Three MLS Things: Growing pains in ORL; hat-trick hero

Photo credit: Atlanta United / @ATLUTD
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The third Saturday of the 2018 MLS season is in the books, and we learned a few (more) things along the way.

[ MORE: Other MLS Things — The Archive ]

One game is just one game; two games is too small of a sample size; but three games is the beginning of a trend…

[ LISTEN: Talkin’ Touches podcast — breaking down Week 2 in MLS ]

Lots of changes, lots of kinks to work out

Inside the last nine months alone, Orlando City SC acquired the following who’s-who list of MLS star-level players: Dom Dwyer, Yoshi Yotun, Sacha Kljestan, Justin Meram and Uri Rosell. That’s one half of an uber-talented, but brand new, starting lineup (at a massive cost) — which is to say, Jason Kreis and Co., have made serious changes, and everything isn’t going to coalesce overnight.

Throw in the fact that Kljestan was suspended the first two games, Dwyer has battled multiple muscular injuries since January and is yet to make his 2018 debut, and Rosell didn’t arrive in Orlando until the week before the season opener and hasn’t played either, and you begin to understand how “such a talented team can have just one point from their first three games.”

Saturday’s 2-0 loss away to a David Villa-less New York City FC was frustrating in more ways than just “we’re still figuring things out, but we’re getting there.” Both of NYCFC’s goals resulted from self-inflicted, avoidable mistakes in possession which turned into easy counter-attacking chances going the other way.

Rosell will undoubtedly fix many of Orlando’s problems with regard to ball circulation and defensive organization/transitions, but only upon his arrival into the lineup can his tricky and important integration begin.

NYCFC, on the other hand, have three wins from three games, have conceded just once (while scoring six) and now hold a nine-point lead on the defending champions from Toronto. Oh, and did I mention they looked just fine without David Villa?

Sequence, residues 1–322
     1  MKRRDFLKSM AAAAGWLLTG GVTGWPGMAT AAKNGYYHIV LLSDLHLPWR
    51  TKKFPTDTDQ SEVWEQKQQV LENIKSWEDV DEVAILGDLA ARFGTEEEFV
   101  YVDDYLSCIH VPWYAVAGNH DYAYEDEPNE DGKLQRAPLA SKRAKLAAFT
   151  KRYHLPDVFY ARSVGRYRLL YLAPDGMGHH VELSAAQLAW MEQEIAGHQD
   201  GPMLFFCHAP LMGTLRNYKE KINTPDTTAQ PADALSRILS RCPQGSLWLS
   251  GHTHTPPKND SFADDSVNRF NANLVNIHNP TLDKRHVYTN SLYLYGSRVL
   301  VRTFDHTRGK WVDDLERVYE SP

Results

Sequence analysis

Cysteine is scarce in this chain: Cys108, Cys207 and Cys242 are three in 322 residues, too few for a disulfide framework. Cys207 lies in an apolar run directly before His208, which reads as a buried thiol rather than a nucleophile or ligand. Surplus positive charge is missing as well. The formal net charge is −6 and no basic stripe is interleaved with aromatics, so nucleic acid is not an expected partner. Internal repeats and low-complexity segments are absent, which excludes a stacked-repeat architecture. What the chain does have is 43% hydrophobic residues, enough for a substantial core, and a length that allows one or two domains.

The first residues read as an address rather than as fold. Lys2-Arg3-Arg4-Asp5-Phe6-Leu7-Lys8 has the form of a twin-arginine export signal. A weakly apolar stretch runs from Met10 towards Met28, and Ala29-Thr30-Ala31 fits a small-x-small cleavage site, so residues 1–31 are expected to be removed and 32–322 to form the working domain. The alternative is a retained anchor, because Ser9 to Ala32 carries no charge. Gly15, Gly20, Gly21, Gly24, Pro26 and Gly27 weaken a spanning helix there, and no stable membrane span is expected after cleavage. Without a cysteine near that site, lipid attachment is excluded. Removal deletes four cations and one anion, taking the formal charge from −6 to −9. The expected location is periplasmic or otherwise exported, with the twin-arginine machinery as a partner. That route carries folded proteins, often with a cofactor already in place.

Martinez closing in on history

Just 23 games into his MLS career, Atlanta United forward Josef Martinez is one hat trick from tying the all-time record for hat tricks in a career (5 – currently held by Landon Donovan, Stern John and Diego Serna). To put that into perspective, the three aforementioned players made 340, 55 and 124 appearances during their respective MLS careers.

Assuming he doesn’t pick up another long-term injury (he missed 10 games between March and June last year) and/or transfer back to Europe in the summer, Martinez should summit the hat trick-scoring chart by early June. Given the veracity and vigor with which Atlanta engulf their opponents, Martinez scoring at least two more hat tricks this season feels like the safest bet one could make in a league full of constant flux.

Take, for example, Saturday’s 4-1 thrashing of the Vancouver Whitecaps, which not only saw the Five Stripes fire 21 shots (4 on target – 100 percent, obviously), but more importantly hold more than 72 percent of possession and limit the visitors to just five shots in total (Kendall Waston was sent off in the 13th minute, leaving the ‘Caps a man short for much of the evening). Jeff Larentowicz has solved most of the problems in midfield and allowed Darlington Nagbe to settle in quickly and thrive. If that trend is to continue, the sky is truly the limit for Tata Martino’s boys, and Martinez will bag goals by the handful.

Where’s the real Sporting KC defense?

Should we be a little worried about the Sporting Kansas City defense, a group which finished 2017 as the league’s stingiest unit and returns its entire back-six in 2018? After conceding just 29 goals in 34 games last season, the group led by past Defender of the Year award winners Ike Opara and Matt Besler has conceded seven goals in their first three games this year.

If it were any other team, and any other group of MLS veterans, with any other coach, I’d be officially worried right now. But, given their (perennial) stake to one of the league’s best defensive records, I remain in a holding pattern, even after giving up another soft/sloppy goal in Saturday’s 3-2 victory over the San Jose Earthquakes.

Sporting head coach Peter Vermes made a fair and valid point following the game, reminding the assembled media that playing more freely going forward — a massive weakness for Sports in recent seasons — comes at the expense of defensive positioning and numbers. Sure enough, they’ve scored seven goals in three games (tied for the most in MLS – all coming in the last two). Sporting scored their seventh goal of the 2017 season on April 29.

Here’s the thing about Sporting’s recent seasons: they’ve been a lock-down side throughout the regular season and never figured out how to consistently score goals, and it cost them plenty of points along the way and ultimately they played on the road in the knockout round each of the last four seasons. That style, which they’ll surely settle back into come playoff time, doesn’t lend itself to playing on the road. Securing a home playoff game, which would the first for the team since winning MLS Cup 2013 at home, is priority no. 1, and Vermes might just be willing to sacrifice a little bit of defense for a whole lot more offense (finally).